I chit chatted with everyone there. Matt about what he thought about the upcoming season, D’Anton about his prospects in the upcoming NFL draft, John McGloin about fantasy baseball. It was wonderful. Then one of the weirder coincidences I can remember happened.
Phillip Humber was heading into the ninth inning of his perfect game against the Seattle Mariners when I was alerted via text of the fact by ESPN. I ended up watching the ninth on my cell phone with the McGloins. This was awesome.
In the 2011 season, Matt split time again with Bolden. The team had a lot of trouble this season, both on and off the field. Late in the year, the now infamous Penn State scandal came to light. This devastated the close-knit football community of the college. It devastated me. The team just needed to have the season over. Yet, as I say that, the team ended the year 9-4. It just seemed hopeless (save for defeating Ohio State) for the rest of the year. Post-scandal, the team went 1-3.
After scores of players transferred out of the school before the 2012 season, gutting the team of their depth and some stars, Matt became a definitive leader in the locker room. He was the definitive starter for the full season under new coach Bill O’Brien. The two got along incredibly well.
At least by my eye, it appeared as though Matt thrived in the new offensive scheme, which was an almost exact replica of the one the New England Patriots had used to much success under O’Brien’s tenure with the team.
Matt ended up having an incredibly successful season statistically speaking. He completed 60.5% of his passes for 3,271 yards and a 24-5 touchdown-to-interception ratio. He scrambled for five more scores as well, and became the Penn State career leader in touchdown passes.
He led the team to an 8-4 record, yet that record doesn’t fully explain how special this season was. The team dropped its first two games to Ohio and Virginia. This was in large part due to the mass transfers and a brad new coach for the first time in years. This was a team looking for an identity. Once found, the team reeled off an 8-2 record only losing to Ohio State (which finished the season undefeated, only missing the championship game due to NCAA sanctions) and Nebraska (who was probably a better team all things considered).
Matt finished his career as one of the more memorable quarterbacks in Penn State history, partly due to his play, but largely due to his story.
Let’s recap: He comes out of a relatively small high school and decides to walk on to a big time program. Once there, he fights for his chance to prove himself. He eventually becomes the starter, leading the team to wins against big teams like Michigan and Ohio State. He ended up as the all time leader in touchdown passes despite splitting time for two of his three seasons under center with someone who was nowhere near the same caliber of quarterback, but was more traditionally athletic in the eyes of the coaching staff.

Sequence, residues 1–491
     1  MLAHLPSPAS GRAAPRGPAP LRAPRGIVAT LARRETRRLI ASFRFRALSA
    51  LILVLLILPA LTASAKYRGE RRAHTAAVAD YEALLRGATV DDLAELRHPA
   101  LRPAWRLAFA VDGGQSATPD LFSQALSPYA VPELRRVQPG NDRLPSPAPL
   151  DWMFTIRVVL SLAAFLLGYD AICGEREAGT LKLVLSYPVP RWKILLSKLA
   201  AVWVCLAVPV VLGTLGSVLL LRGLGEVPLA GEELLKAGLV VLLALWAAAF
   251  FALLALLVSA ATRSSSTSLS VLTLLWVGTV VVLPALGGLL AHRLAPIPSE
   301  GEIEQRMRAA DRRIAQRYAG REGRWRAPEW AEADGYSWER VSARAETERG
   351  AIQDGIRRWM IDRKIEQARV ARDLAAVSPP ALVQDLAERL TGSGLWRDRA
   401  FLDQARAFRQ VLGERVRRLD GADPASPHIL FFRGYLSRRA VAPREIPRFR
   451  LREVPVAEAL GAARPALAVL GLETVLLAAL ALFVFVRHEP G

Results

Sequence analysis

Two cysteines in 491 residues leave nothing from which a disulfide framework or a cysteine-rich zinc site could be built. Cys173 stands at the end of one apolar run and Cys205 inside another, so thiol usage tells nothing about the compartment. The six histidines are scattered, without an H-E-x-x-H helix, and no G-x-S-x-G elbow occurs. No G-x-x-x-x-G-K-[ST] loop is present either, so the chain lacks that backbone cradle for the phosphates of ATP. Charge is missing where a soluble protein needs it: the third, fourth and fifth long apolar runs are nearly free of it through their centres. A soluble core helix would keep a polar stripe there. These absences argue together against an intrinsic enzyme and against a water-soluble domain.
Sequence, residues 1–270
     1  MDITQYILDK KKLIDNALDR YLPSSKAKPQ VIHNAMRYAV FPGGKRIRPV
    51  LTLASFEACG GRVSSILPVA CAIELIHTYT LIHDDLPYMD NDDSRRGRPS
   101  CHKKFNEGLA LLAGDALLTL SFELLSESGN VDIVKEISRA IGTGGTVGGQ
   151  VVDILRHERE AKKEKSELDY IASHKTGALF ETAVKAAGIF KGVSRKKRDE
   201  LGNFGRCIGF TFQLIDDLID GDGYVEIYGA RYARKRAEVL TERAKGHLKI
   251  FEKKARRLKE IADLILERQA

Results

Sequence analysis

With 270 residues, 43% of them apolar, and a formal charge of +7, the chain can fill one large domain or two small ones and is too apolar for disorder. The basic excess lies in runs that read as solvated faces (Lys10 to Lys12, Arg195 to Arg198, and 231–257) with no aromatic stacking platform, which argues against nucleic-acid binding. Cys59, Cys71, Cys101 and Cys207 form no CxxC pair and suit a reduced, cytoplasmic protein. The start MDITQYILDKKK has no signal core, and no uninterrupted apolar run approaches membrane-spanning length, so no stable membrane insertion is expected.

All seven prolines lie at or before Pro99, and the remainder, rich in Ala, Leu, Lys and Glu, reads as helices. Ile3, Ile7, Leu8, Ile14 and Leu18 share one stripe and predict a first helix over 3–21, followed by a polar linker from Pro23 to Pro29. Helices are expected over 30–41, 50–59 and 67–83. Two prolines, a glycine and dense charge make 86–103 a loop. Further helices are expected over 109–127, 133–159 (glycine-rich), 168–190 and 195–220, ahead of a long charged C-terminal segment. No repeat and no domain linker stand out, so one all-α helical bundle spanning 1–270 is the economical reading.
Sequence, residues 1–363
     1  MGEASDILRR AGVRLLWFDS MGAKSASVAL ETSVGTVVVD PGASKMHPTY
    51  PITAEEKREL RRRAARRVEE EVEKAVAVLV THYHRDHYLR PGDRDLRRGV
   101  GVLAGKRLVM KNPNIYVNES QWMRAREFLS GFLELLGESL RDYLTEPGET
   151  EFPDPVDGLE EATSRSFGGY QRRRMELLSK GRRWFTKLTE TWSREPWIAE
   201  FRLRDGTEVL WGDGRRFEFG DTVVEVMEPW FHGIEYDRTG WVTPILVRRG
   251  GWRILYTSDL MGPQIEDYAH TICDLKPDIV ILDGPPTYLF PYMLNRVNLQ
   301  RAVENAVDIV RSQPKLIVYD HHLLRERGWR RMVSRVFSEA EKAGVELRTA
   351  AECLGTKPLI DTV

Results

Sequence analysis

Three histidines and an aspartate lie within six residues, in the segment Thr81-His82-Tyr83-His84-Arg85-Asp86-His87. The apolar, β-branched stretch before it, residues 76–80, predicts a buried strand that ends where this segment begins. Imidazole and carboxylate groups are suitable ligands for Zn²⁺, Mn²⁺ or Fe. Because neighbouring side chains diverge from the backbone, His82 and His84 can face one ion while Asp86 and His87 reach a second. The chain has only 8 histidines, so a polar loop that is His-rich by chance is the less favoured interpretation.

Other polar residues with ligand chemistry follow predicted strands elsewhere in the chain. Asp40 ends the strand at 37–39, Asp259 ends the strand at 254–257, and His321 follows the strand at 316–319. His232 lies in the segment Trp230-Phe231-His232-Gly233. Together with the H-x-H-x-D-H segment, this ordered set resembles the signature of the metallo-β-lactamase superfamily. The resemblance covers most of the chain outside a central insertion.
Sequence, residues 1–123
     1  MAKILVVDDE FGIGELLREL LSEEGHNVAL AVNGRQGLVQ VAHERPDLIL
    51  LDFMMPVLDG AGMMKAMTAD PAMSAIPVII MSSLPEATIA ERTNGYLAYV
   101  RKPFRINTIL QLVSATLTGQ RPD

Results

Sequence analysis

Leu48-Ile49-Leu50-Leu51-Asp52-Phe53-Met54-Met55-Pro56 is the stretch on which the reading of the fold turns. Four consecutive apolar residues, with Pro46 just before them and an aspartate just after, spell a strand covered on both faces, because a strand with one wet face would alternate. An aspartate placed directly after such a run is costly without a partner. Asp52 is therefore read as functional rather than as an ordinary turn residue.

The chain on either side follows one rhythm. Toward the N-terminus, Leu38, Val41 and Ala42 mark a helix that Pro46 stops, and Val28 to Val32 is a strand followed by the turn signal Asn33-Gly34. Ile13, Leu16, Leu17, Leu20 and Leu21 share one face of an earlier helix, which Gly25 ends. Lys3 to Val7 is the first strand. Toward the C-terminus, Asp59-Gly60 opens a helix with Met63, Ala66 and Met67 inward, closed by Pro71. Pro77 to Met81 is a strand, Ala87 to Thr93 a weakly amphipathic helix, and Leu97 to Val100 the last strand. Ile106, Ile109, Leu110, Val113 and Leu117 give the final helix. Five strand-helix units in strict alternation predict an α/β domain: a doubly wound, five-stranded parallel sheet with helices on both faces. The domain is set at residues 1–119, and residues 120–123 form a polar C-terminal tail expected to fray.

Then we get to this year. Matt went undrafted in the NFL Draft, yet kept up his fight. He tried out for the Panthers and Redskins without success. Then he signed on with the Raiders. Matt would be the fourth string quarterback behind Matt Flynn, Terrelle Pryor and Tyler Wilson.
Matt, true to form, fought hard and eventually leapfrogged Wilson, a fourth round draft pick, for the third string spot. Coach Dennis Allen was raving about Matt’s play with incredibly limited time in practice.
Matt will be making his NFL debut tonight, silencing every single critic he has faced yet again. Even if I weren’t blessed with getting to know him and his family, with him taking snaps for my favorite college team, and with him growing up in my hometown, I would still consider him a role model.
Yet all of that is the case, and it makes for Matt being one of the biggest role models in my life. I will soon be out of my leg cast and have to face another long period of rehabilitation. It’s very easy to be upset about a set back, trust me on this. But I try to keep positive. I know I’m going to come out of this stronger than ever. I’ve done it after nine previous fractures; I will do it after the tenth.
When I sit around and think about whether or not I can do something, I remember that a similarly red haired kid pulled off the impossible time and time again and is living, breathing, tangible proof that hard work pays off, and anything can be overcome.
I should have my cast off next week. Tonight starts the next step of Matt’s career. I’m dedicating my next step, my first since June, to him, for reminding me that I can and will beat this.
Connor Lenahan (@ConnorLenahan) is the founder and editor-in-chief of Connorlenahan.com. He is a freshman at Boston University, majoring in journalism.